Perfect Day

“That’s a lovely song – a description of a very straightforward affair.”Lou Reed (1087)


“But something like ‘Vicious’ – the only motivation for that was because Warhol asked me to write a song called ‘Vicious’ – ‘it would be so faahbulous, y’know.’ – So I said ‘what kind of vicious’, and he said – ‘Oh, ‘Vicious, you hit me with a flower’. That’s…outasite, y’know.”Lou Reed (1087)

Kill Your Sons

“Oh yeah, there’s one called ‘Kill Your Sons’ about parents sending their kids to psychiatrists and giving them shock treatment.”Lou Reed (1088)

Baby Face

“There’s another called ‘Baby Face’ which is about two guys living together and it all comes down to the one saying to the other, “Well, you’re not the easiest person to get along with’. It’s about interpersonal relationships on a one-to-one level.”Lou Reed (1088)

I Wanna Be Black

“It’s about young middle class kids who… uh, seem to go through this phase of wanting to be… like… uh, Black Panthers.”Lou Reed (1088)

Animal Language

“Oh yeah… it’s about this woman who has this dog… uh… and it gets shot ‘cos it barks too much and the neighbours get upset… and then this cat… uh… I forget what happens to the cat but something happens to the cat… Anyway the dog and the cat meet. Yeah, the dog’s dead, I guess… I dunno how he’s still alive but he’s alive and then, uh… some dude sees ’em both and puts a board between ’em. And then what happens?…Uh, I think they both get high…”Lou Reed (1088)

Think It Over

“But I wrote that song ‘Think It Over’ specifically for Sylvia [Lou’s wife – Ed]. See there’s this quote in there from Annie Hall, when I said she said “Well La, Dee, Dah, Dee, Dah”; that’s for Sylvia. But I was also thinking of Diane Keaton, you know, when she kept saying that to Woody Allen: “Well La, Dee, Dah, Dee, Dab.” And then she’s not there anymore and he goes with this really dumb dumb lady, and the whole lobster thing happens again, and she just looks at him and says “What’s wrong with you?” Where before it was such fun, now it’s pretty awful and excruciating. And she’s very pretty but she’s so dumb, just – well, it would be death, it would be death. And you miss that “Lah, Dee,” so I thought I had to stick that in a song ’cause that’s too good just to leave in a movie.”Lou Reed (1089)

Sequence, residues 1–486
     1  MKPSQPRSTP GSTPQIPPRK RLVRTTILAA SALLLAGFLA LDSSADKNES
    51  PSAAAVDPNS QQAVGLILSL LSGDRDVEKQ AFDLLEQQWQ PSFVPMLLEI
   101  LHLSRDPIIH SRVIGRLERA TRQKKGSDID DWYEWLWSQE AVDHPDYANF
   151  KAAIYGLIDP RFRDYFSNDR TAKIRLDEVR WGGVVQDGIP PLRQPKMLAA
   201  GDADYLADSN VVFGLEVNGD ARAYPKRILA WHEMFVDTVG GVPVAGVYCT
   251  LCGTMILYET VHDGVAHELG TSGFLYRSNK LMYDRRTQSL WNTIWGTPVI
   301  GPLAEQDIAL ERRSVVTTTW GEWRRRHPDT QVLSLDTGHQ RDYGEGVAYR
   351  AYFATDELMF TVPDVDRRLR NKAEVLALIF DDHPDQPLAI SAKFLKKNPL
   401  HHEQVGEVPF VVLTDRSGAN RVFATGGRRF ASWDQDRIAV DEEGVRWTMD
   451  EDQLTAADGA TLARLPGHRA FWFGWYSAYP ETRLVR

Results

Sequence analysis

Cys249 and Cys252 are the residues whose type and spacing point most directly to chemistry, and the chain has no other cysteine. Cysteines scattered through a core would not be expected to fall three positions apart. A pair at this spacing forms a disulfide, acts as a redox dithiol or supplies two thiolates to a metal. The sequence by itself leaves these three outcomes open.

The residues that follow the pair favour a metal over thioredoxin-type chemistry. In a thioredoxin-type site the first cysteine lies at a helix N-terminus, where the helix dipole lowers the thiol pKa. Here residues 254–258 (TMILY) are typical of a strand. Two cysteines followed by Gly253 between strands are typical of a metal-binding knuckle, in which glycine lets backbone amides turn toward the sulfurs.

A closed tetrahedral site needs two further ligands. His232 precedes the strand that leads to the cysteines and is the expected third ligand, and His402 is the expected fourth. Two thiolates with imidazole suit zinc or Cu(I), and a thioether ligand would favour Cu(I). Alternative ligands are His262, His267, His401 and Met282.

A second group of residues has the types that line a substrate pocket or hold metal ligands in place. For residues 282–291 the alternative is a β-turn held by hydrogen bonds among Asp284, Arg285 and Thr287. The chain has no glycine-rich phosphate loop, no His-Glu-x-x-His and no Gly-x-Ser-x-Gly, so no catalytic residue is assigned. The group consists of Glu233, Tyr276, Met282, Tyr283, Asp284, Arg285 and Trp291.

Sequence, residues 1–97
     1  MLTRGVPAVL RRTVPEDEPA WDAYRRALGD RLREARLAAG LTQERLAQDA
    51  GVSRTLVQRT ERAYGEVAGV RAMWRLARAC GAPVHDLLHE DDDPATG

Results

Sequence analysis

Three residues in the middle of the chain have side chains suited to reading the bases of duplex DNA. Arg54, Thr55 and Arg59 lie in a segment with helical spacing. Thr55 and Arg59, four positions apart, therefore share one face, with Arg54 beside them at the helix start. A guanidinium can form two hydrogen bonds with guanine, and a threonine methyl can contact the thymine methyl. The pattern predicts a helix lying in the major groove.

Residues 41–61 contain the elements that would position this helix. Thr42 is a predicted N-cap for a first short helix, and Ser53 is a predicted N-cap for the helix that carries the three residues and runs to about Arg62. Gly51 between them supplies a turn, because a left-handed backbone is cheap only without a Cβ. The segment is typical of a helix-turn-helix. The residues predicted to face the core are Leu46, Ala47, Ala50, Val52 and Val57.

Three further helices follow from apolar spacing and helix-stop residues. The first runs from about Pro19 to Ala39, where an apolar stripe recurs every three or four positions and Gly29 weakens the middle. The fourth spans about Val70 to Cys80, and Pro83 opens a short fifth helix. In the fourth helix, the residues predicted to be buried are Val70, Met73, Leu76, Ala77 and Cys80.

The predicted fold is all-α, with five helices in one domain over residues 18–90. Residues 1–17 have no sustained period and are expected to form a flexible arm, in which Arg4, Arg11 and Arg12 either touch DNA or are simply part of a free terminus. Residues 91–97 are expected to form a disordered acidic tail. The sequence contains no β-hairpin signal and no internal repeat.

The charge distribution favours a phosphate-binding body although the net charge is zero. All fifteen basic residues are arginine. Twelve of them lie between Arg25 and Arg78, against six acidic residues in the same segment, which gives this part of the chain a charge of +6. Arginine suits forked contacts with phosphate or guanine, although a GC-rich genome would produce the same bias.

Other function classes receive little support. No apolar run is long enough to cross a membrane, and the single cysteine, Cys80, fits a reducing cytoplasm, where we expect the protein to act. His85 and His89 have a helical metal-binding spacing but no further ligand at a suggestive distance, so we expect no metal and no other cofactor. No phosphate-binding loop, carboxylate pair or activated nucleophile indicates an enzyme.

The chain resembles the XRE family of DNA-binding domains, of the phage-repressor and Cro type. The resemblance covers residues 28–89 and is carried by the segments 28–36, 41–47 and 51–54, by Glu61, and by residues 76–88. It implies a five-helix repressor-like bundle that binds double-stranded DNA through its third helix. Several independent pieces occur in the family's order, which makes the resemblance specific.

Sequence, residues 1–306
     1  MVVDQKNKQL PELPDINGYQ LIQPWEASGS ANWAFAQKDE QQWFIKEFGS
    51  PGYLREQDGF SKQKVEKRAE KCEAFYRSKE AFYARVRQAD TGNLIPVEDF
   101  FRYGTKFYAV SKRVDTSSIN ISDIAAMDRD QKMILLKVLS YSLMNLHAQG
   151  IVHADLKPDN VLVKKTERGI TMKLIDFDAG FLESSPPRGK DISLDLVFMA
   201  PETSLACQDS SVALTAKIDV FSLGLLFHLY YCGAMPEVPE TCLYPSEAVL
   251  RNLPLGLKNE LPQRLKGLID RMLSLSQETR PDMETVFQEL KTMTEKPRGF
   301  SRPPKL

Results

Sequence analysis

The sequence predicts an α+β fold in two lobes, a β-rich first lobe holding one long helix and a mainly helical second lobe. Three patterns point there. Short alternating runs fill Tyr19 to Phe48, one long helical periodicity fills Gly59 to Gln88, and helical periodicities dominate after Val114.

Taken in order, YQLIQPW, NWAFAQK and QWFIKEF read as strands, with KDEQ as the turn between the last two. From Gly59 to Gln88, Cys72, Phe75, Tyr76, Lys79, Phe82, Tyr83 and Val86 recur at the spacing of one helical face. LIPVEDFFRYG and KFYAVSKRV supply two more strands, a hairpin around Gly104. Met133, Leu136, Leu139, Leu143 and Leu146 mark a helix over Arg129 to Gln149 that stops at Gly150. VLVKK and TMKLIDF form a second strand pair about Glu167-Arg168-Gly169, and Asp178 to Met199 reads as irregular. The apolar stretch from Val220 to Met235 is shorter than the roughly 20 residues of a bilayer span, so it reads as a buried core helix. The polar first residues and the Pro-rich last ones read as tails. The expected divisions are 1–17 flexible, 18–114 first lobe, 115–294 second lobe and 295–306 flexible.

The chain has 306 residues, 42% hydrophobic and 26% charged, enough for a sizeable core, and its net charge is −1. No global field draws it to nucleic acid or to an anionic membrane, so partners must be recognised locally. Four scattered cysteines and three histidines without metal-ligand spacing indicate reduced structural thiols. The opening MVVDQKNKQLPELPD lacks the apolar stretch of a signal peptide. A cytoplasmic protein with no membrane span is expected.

My Friend George

“There is no George. I always present things like I want everybody to believe it’s real because I know it’s disappointing when I say there is no George. What ‘George’ is really all about is a two-fold idea: there’s George and what he thinks, and, more importantly, there’s his friend who adores and idolizes him. What the thing is about is love and disappointed friendship. The main thing in that song is not the fury of George, but the love of his friend.”Lou Reed (1090)

Fly Into The Sun

“I wrote that because I saw that TV thing, The Day After [a film about the US being on the brink of nuclear war in the mid-80s – Ed]. And for some reason this thing went off in my head of another way of looking at it. What an amazing opportunity. You’re not committing the sin of suicide. There’s no escape anyway. Here’s this amazing chance to find out the answer to questions that have been driving people nuts for years. Here it is. And since you can’t run from it, you might as well fly right into it.”Lou Reed (1090)

New Sensations

“Well, I was quoting a guy named Billy in that song [“It’s easy to tell what is wrong” – Ed], just in the interest of consistency. But I was very, very aware this time that I was saying those things outright, unmistakably, in words that couldn’t be misunderstood. I’m aware of that, and I mean it. That’s the new sensations, for sure. I wanted to draw the line so you couldn’t miss it. That is the stance.”Lou Reed (1090)

Turn To Me

“I’m very aware of listening to things when you’re feeling down as someone who has felt down. And I know what a good book or movie or the right record can do when you hear somebody describing it. It’s like “No, you’re not alone.” And there’s just something about the fact that it physically exists outside of you, written by another person. There’s something wonderful about that, and it makes you feel better. And, in my case, I think I can express it and encapsulate it. And put a dance beat to it! What more do you want? I wanted ‘Turn To Me’ to do that, and to be funny at the same time on top of it. I wanted it to be a little “Hey, hello. I’m still here. How are you doing?””Lou Reed (1090)

Dime Store Mystery

“Part of that song is that it’s really a terrible shame not to have him here to talk to now [Andy Warhol – Ed]. I mean, there aren’t that many really great people who are blinding in their brilliance, who are always astonishing to run something past for what they can give you back… He was certainly one of them. Delmore Schwartz was another. Giants.”Lou Reed (1091)

New York (The Album)

“[Is it about the decline and fall of New York? – Ed] It’s not just New York. What’s happening in the cities will eventually spread to the suburbs. McCarthyism is coming back again, with its little off-shoots, like the PMRC and all that nonsense. It’s what I think has happened after eight years of Reagan. Some terrible, terrible things are going on. In my mind, it’s not so much a fad, as a misdirection. It has nothing to do with the city, per se. It has to do with the people who are leading the city.”Lou Reed (1092)

Good Evening Mr. Waldheim

“I’m disturbed by certain things about him [Jesse Jackson – Ed]. Have you ever heard Louis Farrakhan speak? He wouldn’t like me, but I don’t like him either. It goes much further than anti-Semitic or anti-white. I saw the speech Jesse made about “common ground,” and it was amazing, emotionally moving. He should have been elected on the spot, on the basis of that speech. Except for one problem. Does that “common ground” include me, Jesse [‘me’ meaning a Jew – Ed]? If I met the man, that’s what I would ask him.”Lou Reed (1092)